HAVANA -- Lt. Col. Juan Pablo Roque wore his Rolex with pride — the unique pride of a Cuban double agent who once worked for the FBI.
But now the man who was once one of Cuba’s most illustrious spies is out of cash. And he wants to sell his prized watch and his house in Havana.
“I need the money,” Roque said in his most extensive interview in more than 15 years.
His story illustrates the uncertain life that awaits Cuban spies whose covers are blown. But it’s also a reminder of the extent and success of Cuban spying even now, 21 years after the Cold War’s end.
Roque, a former fighter pilot with Hollywood good looks, staged his defection from Cuba in 1992, swimming to the U.S. naval base at Guantanamo Bay and declaring opposition to Fidel Castro.
He became a pilot for Brothers to the Rescue, a group dedicated to searching for rafters in the Florida Straits. But then he stunned everyone in 1996, slipping back into Cuba the day before Cuban MiGs shot down two civilian aircraft flown by members of the exile group.
Now 57 and living with his girlfriend in a cramped Havana apartment, Roque said he’s sorry four people were killed in the Feb. 24, 1996, incident.
“If I could travel in a time machine,” he said, “I’d get those boys off the planes that were shot down.”
The four dead included Carlos Costa, Mario de la Peña, Pablo Morales and Armando Alejandre Jr.
Alejandre’s sister, Maggie Khuly, said justice was never done.
“Speaking for the families, my family in particular, we’re looking forward to the day when Roque faces U.S. courts on his outstanding indictment,” said Khuly, a Miami architect.
Spy for spy
The shoot-down drove U.S.-Cuba relations to a new low and prompted then-President Bill Clinton to sign the Helms-Burton Act, which ramped up economic sanctions against Cuba.
Since then, U.S.-Cuba relations remain as chilly as ever. President Barack Obama loosened some travel restrictions to Cuba after taking office, but has done little else to ease the tension. In fact, U.S. officials have worked steadily to undermine the socialist government, spending more than $200 million on Cuba democracy programs since 1996.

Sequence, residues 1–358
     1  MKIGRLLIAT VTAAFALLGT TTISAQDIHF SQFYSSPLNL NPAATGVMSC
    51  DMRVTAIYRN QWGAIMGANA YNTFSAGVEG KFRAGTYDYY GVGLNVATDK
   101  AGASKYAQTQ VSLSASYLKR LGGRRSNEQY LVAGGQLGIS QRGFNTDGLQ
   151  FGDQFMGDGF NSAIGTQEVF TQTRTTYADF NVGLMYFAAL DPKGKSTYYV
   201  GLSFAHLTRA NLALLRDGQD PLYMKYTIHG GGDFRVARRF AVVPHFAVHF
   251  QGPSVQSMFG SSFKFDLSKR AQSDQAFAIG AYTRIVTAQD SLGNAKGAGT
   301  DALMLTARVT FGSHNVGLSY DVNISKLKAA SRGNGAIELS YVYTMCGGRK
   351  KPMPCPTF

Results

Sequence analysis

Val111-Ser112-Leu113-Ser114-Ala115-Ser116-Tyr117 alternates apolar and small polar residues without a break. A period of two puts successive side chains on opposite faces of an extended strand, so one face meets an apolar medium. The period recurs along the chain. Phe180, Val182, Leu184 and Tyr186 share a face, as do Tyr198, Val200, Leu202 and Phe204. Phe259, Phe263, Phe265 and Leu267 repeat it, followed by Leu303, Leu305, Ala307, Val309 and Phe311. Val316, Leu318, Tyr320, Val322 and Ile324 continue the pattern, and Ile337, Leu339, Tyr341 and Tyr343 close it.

Cuban spies in Miami and Havana watch these efforts carefully, sometimes foiling U.S. plans. In 2009, Cuban authorities arrested Alan Gross, a development worker from Maryland. He was a subcontractor for the Agency for International Development and was caught smuggling sophisticated satellite communication gear into Cuba. Cuban authorities slapped him with a 15-year prison term in 2011.
Cuban authorities say they’re willing to trade Gross for Cuban agents arrested in Florida after the FBI broke the so-called Wasp spy network in September 1998.
Four of those agents remain in American prisons. A fifth spent 13 years in jail and is now free, but can’t return to Cuba until he serves three years’ probation in the United States.
The agents are known as the Cuban Five. For 14 years, they have been at the center of a massive Cuban propaganda campaign. They are celebrated as heroes who were defending their homeland. They are household names in Cuba and their likeness is plastered all over signs, billboards and buildings.
Roque’s spying exploits were as dramatic as any of the Cuban Five, but he returned to the island to live a life of obscurity.